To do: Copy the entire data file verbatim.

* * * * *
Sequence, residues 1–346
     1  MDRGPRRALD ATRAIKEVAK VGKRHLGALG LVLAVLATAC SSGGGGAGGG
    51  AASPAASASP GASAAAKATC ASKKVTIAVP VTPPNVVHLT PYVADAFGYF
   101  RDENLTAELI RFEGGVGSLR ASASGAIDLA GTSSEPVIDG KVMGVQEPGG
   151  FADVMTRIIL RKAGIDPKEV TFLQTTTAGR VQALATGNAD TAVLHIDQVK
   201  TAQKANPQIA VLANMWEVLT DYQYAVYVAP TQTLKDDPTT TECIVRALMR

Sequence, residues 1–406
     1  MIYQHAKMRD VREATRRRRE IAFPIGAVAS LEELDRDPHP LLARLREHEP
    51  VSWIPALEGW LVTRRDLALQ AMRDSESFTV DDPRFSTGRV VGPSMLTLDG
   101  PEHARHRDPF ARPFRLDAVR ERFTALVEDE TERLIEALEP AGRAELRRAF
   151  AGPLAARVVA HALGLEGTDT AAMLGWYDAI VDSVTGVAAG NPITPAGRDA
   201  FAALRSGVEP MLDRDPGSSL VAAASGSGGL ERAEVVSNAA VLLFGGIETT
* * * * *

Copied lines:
Sequence, residues 1–346
     1  MDRGPRRALD ATRAIKEVAK VGKRHLGALG LVLAVLATAC SSGGGGAGGG
    51  AASPAASASP GASAAAKATC ASKKVTIAVP VTPPNVVHLT PYVADAFGYF
   101  RDENLTAELI RFEGGVGSLR ASASGAIDLA GTSSEPVIDG KVMGVQEPGG
   151  FADVMTRIIL RKAGIDPKEV TFLQTTTAGR VQALATGNAD TAVLHIDQVK
   201  TAQKANPQIA VLANMWEVLT DYQYAVYVAP TQTLKDDPTT TECIVRALMR

Sequence, residues 1–406
     1  MIYQHAKMRD VREATRRRRE IAFPIGAVAS LEELDRDPHP LLARLREHEP
    51  VSWIPALEGW LVTRRDLALQ AMRDSESFTV DDPRFSTGRV VGPSMLTLDG
   101  PEHARHRDPF ARPFRLDAVR ERFTALVEDE TERLIEALEP AGRAELRRAF
   151  AGPLAARVVA HALGLEGTDT AAMLGWYDAI VDSVTGVAAG NPITPAGRDA
   201  FAALRSGVEP MLDRDPGSSL VAAASGSGGL ERAEVVSNAA VLLFGGIETT